LOUISVILLE, KY. - Persimmon Manufacturing LLC, a new structural foam injection molding firm, expects its initial $500,000 investment to yield sales of $4 million this year. The company began operations in January in Louisville after Plastic Parts of Shelbyville, Ky., stopped making structural foam products.
Plastic Parts, owned by Meyers Industries of Akron, Ohio, does proprietary molding for Meyers, such as materials handling and flower containers. When Meyers began phasing out the structural foam products, James Falk, former president of Plastic Parts, decided to start a company. Falk's father originally had sold Plastic Parts to Meyers.
Persimmon has 26 full-time employees and eight injection presses with clamping forces of 75-1,200 tons. It is a custom molder, although it tends to serve do-it-yourself hardware accessories, said Falk, Persimmon's president.
In the 35,500-square-foot plant, the firm makes power tool accessories, parts for candy displays and top steps for ladders from high-impact polystyrene and several kinds of polypropylene. Some of the customers include Vermont American Corp., Louisville Lad-der and Sears, Roebuck and Co.
Settlement reached in NIM vs. GE suit
CHICAGO - An agreement has been reached in a civil lawsuit filed against GE Plastics that had claimed the Pittsfield, Mass., firm breached a delivery contract.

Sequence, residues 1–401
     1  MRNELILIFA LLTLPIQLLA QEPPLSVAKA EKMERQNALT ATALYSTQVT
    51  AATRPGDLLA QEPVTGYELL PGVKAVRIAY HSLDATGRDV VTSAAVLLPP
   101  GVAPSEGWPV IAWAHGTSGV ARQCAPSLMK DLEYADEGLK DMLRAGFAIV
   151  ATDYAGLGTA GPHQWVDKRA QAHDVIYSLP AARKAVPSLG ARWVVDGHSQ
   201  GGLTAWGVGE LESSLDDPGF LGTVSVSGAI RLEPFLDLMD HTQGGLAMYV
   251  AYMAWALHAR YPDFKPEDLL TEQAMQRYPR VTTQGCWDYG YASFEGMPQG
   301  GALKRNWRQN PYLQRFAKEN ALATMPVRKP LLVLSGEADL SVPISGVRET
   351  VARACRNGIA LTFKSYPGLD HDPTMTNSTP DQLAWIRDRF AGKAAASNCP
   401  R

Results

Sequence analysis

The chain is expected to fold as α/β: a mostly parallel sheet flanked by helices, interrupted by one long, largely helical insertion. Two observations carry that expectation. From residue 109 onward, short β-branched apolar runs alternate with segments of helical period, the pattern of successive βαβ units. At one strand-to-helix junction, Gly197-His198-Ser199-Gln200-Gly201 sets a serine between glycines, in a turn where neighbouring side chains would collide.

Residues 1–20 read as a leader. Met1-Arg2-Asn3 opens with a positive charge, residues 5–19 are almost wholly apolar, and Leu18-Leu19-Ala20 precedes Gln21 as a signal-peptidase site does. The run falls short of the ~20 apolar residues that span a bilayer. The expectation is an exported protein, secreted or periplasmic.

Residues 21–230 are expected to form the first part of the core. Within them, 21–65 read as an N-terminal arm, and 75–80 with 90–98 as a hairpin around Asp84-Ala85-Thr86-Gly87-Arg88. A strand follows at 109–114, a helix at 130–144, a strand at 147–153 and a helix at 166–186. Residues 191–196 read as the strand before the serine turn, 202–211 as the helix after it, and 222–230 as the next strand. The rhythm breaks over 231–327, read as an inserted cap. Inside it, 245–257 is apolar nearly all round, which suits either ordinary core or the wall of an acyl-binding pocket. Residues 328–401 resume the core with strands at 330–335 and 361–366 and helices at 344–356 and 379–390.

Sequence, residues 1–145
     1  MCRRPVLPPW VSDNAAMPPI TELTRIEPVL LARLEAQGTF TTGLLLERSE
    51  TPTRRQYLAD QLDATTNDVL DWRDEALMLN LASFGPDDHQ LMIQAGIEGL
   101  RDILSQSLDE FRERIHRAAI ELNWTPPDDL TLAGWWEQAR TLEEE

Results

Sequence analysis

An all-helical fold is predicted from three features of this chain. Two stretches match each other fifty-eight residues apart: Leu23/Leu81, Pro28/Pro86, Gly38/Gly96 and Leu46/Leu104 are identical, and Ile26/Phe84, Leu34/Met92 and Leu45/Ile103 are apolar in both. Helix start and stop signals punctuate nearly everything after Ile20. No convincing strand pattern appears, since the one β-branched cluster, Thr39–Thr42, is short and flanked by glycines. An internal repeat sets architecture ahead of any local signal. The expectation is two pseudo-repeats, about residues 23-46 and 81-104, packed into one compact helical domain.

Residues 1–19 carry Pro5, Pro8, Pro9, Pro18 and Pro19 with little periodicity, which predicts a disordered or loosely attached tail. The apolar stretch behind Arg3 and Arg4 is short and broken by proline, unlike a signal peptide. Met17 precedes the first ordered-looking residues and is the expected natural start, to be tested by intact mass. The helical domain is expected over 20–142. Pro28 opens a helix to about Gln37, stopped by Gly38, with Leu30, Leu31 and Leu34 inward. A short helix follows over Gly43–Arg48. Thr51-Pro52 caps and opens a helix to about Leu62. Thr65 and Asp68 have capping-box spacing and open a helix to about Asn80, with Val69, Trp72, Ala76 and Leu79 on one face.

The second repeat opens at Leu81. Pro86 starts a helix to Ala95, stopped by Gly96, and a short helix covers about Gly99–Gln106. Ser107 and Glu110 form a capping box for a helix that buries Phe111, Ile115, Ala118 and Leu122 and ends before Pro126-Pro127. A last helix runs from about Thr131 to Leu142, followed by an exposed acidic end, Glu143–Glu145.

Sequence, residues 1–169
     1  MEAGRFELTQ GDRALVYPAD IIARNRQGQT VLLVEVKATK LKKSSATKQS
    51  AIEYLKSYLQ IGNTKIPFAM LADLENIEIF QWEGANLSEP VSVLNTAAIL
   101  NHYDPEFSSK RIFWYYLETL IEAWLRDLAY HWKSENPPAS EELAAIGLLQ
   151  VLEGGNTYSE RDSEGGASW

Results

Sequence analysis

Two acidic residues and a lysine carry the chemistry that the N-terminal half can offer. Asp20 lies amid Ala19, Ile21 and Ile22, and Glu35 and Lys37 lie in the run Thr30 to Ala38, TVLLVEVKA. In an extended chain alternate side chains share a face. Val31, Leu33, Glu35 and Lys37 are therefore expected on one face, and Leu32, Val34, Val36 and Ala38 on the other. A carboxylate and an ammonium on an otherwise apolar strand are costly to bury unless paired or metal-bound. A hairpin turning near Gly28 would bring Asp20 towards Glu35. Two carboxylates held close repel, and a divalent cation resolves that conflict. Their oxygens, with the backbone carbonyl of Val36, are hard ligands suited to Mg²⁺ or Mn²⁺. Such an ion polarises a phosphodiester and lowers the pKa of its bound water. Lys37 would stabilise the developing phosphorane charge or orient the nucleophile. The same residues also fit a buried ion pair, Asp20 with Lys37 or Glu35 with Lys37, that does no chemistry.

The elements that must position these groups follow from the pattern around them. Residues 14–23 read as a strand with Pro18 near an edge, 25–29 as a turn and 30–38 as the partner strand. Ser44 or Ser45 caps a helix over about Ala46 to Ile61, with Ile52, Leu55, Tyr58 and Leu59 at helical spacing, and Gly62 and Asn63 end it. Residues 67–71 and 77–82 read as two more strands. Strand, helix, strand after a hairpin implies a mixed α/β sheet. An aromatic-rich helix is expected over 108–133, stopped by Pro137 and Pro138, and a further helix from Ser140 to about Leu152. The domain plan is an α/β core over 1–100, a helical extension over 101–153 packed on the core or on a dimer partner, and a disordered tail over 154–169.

Terms of the agreement, reached June 28, were undisclosed.
NIM Plastics Corp. of Wheeling, Ill., filed the suit Jan. 5, claiming GE Plastics failed to deliver 1.5 million pounds of Lexan 103-112. NIM sells extruded PC sheet of different gauges to converters, said Elizabeth Caprini, a lawyer at McConnell & Mendelson, the Chi-cago-based law firm representing NIM.
Since the January 1995 contract with GE, NIM has received 2.1 million pounds, Caprini said. However, the contract had a range with a written confirmation for more than 3.6 million pounds. NIM was asking U.S. District Court for the Northern District of Illinois to order GE to deliver the remaining Lexan and determine a price.
GE Plastics officials were unavailable for comment.
In 1994 and 1995, PC producers suffered a shortage as strong demand depleted already-low inventories.
GE Plastics also experienced a startup problem at its PC plant after its annual maintenance shutdown.
Profile extruder American Plastics Extruding Inc. of Colum-bus, Ohio, is moving Oct. 1 to another 35,000-square-foot Co-lumbus facility, with 11/2 acres on which to expand in the next year. The firm will add two lines and 10 employees, and is investing about $1 million. The company now has seven lines and 19 employees. It reported 1995 sales of $1.7 million.